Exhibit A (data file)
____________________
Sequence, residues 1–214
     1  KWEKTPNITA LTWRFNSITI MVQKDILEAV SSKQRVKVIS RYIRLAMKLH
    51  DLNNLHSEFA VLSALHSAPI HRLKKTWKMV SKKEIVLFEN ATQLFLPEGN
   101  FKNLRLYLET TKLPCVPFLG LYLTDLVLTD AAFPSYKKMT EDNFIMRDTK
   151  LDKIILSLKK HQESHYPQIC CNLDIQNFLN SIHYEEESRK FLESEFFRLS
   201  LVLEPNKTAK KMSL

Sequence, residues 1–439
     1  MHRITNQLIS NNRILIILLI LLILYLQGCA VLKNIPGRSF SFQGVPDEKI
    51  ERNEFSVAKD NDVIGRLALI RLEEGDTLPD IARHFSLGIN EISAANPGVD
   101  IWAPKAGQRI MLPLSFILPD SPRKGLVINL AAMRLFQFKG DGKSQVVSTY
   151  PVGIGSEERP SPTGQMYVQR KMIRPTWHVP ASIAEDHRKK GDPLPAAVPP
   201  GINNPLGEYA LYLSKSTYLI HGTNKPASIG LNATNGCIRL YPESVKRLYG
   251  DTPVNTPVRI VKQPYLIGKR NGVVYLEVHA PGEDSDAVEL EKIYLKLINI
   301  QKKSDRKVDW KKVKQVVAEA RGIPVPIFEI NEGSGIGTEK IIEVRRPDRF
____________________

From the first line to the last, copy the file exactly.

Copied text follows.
Sequence, residues 1–214
     1  KWEKTPNITA LTWRFNSITI MVQKDILEAV SSKQRVKVIS RYIRLAMKLH
    51  DLNNLHSEFA VLSALHSAPI HRLKKTWKMV SKKEIVLFEN ATQLFLPEGN
   101  FKNLRLYLET TKLPCVPFLG LYLTDLVLTD AAFPSYKKMT EDNFIMRDTK
   151  LDKIILSLKK HQESHYPQIC CNLDIQNFLN SIHYEEESRK FLESEFFRLS
   201  LVLEPNKTAK KMSL

Sequence, residues 1–439
     1  MHRITNQLIS NNRILIILLI LLILYLQGCA VLKNIPGRSF SFQGVPDEKI
    51  ERNEFSVAKD NDVIGRLALI RLEEGDTLPD IARHFSLGIN EISAANPGVD
   101  IWAPKAGQRI MLPLSFILPD SPRKGLVINL AAMRLFQFKG DGKSQVVSTY
   151  PVGIGSEERP SPTGQMYVQR KMIRPTWHVP ASIAEDHRKK GDPLPAAVPP
   201  GINNPLGEYA LYLSKSTYLI HGTNKPASIG LNATNGCIRL YPESVKRLYG
   251  DTPVNTPVRI VKQPYLIGKR NGVVYLEVHA PGEDSDAVEL EKIYLKLINI
   301  QKKSDRKVDW KKVKQVVAEA RGIPVPIFEI NEGSGIGTEK IIEVRRPDRF